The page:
Tuesday, 7 August 2007

a more considered view of the floods (Brian Leeke)


Commencing July 20th 2007.

The exceptional rainstorms of Friday 20th July, when about two average months’ rainfall was recorded in one day, resulted in the Deerhurst village ‘basin’ by the ‘T’ junction to St Mary’s Church, Deerhurst, being filled to a point where the floodwater pumps were proven hopelessly ineffective. The resultant Sunday 22nd July surge in the Severn of some 10 feet saw floods in the Deerhurst Parish basin exceeding the 1947 levels and proportions. The result was flooding in eighteen Deerhurst village houses and at least thirteen vehicles submerged under the water. The speed of the rise in the levels of the flood was amazing and a little alarming.

There were some truly outstanding endeavours to protect the village on that Sunday by increasing the height of the flood banks and the two stank gates:

a) Kenny Samuel and Marcus Smith on the tractors and trailer continuously took loads of earth to various sites

b) Tim Morris, John Cutter and Marcus Smith on three JCB & MF earth moving equipment covered the banks weak points

c) Kenny and Tim did an unbelievable amount of heavy work shoring up the weak points all round the boundary

d) Will Morris and Des Samuel gave knowledgeable and helpful advice (both of whom had experienced many floods in the past, but not of this magnitude)

e) physical spade & shovel work and determined assistance was given by Deerhurst and some very kind Apperley residents (lead by Deerhurst Flood Warden, Norman MacPherson)

f) a fourteen hour day’s hard labour was recorded on the inner flood banks and was genuinely unforgettable. Sadly, it was to no avail due to a number of reasons which need addressing – some of which are done so below:

Obvious points, generally agreed:

  1. This disaster could happen again due to ‘climate change’ – and soon.
  2. The present Deerhurst pumping system is not effective.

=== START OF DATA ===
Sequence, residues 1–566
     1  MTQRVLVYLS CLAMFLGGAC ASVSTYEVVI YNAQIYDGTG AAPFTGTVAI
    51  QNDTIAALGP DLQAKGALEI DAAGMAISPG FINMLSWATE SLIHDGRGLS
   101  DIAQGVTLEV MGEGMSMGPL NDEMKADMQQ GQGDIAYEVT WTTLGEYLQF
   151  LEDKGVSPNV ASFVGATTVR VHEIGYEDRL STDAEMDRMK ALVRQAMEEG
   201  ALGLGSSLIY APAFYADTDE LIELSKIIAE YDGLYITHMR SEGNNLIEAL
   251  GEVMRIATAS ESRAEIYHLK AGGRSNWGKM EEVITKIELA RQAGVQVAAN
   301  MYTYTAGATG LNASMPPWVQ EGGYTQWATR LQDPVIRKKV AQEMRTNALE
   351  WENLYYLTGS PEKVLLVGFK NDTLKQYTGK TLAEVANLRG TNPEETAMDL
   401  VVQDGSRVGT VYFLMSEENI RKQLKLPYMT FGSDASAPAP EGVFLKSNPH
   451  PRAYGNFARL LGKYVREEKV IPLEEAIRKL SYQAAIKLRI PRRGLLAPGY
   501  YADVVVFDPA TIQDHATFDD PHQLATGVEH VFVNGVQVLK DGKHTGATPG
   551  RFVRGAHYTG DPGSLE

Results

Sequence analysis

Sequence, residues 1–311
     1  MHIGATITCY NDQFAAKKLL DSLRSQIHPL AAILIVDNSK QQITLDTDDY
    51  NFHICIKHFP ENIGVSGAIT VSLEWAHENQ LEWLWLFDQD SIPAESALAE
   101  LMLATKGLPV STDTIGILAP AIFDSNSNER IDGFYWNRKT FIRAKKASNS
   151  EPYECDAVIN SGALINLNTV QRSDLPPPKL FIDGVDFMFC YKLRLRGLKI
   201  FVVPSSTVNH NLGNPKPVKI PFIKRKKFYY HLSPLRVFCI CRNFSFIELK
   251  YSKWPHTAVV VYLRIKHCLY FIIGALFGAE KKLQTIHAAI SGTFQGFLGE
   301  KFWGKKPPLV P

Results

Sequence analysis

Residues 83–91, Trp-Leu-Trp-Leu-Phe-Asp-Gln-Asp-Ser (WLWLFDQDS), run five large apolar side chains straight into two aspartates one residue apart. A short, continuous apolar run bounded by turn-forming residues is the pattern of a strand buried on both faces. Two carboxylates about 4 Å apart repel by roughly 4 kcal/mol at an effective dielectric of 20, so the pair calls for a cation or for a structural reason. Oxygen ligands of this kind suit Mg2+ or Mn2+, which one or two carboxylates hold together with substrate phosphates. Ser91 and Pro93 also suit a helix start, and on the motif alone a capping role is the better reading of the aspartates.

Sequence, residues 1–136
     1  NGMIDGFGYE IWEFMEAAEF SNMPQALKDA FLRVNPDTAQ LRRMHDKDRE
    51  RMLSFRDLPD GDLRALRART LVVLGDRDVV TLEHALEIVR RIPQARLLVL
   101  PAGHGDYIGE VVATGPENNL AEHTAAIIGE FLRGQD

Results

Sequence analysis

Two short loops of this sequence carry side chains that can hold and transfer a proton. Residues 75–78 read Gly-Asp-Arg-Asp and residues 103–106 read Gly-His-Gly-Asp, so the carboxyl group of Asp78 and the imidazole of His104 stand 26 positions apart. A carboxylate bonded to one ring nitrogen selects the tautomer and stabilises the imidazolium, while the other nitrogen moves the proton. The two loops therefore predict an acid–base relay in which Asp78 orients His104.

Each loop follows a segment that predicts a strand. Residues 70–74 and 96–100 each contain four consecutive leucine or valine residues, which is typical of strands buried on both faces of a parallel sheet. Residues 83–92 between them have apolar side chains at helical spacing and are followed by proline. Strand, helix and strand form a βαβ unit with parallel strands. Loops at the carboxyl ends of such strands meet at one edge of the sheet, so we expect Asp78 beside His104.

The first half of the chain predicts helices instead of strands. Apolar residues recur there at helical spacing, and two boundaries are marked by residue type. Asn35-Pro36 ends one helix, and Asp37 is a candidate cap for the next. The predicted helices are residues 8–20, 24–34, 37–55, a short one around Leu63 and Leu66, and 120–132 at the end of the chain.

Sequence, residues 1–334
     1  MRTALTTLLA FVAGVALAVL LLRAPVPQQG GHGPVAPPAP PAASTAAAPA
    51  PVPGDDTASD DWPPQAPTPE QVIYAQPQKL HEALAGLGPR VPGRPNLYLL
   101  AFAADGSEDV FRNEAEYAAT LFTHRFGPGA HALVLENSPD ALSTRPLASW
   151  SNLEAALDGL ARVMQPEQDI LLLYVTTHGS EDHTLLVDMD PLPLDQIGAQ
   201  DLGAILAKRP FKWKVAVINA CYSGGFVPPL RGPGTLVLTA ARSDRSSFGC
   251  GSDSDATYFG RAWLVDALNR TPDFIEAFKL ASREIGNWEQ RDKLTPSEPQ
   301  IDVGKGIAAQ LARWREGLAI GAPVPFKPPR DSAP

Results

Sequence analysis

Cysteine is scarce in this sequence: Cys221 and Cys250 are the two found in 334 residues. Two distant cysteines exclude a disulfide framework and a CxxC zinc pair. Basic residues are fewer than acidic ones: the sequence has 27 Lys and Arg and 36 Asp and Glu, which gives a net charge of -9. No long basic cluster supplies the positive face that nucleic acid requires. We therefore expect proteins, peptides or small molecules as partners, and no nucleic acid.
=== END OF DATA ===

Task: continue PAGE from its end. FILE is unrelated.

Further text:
2.1 It needs increasing in capacity by supplying a parallel and permanently installed battery starting hydraulic pumping system in case of an electricity problem as experienced in 2007.

2.2 The present inadequate pumping facility needs raising two feet six inches from its present base and its capacity increasing many fold.

Note: On Wednesday 25th July the water level in the Severn was approximately one foot lower than that inside the Deerhurst village basin and in consequence the houses had higher levels of flood water in them than they should have had i.e. due primarily to the inability of the pumps to help drain the basin quickly. At one stage the basin’s water was poring over the flood banks into the Severn. The present inadequate pumping system cuts out on overheating, which is totally unacceptable.

  1. The Deerhurst 1947 level Inner Flood Banks are too low to hold back the 2007 level type floods and need increasing in height by at least two feet six inches all round the present defence boundary.
  2. The new stank gates are two feet six inches too low.

4.1 They need a physical support in the middle as a worrying ‘banana’ bow was seen in them due to the pressure of the floodwater. This support could be a separate solid metal post positioned in the centre of the gate and sunk to a sensible depth into the road.

4.2 The tarmac road is leaking below the gates.

4.3 There were leaks down the sides of the gates or their structures, both of which need investigation and possibly strengthening.

  1. There is a witnessed need to increase the flood bank protection in many new places (besides the increase in overall bank height):

5.1 in the church yard where major problems were witnessed (a new flood bank required)

5.2 by the porous walls on either side of the road to the church stank gate

5.3 around the area by the Apperley Road stank gate

5.4 from Mr K Samuel’s animal slurry pit to the present flood bank (a new flood bank required with provision for an animal crossing point)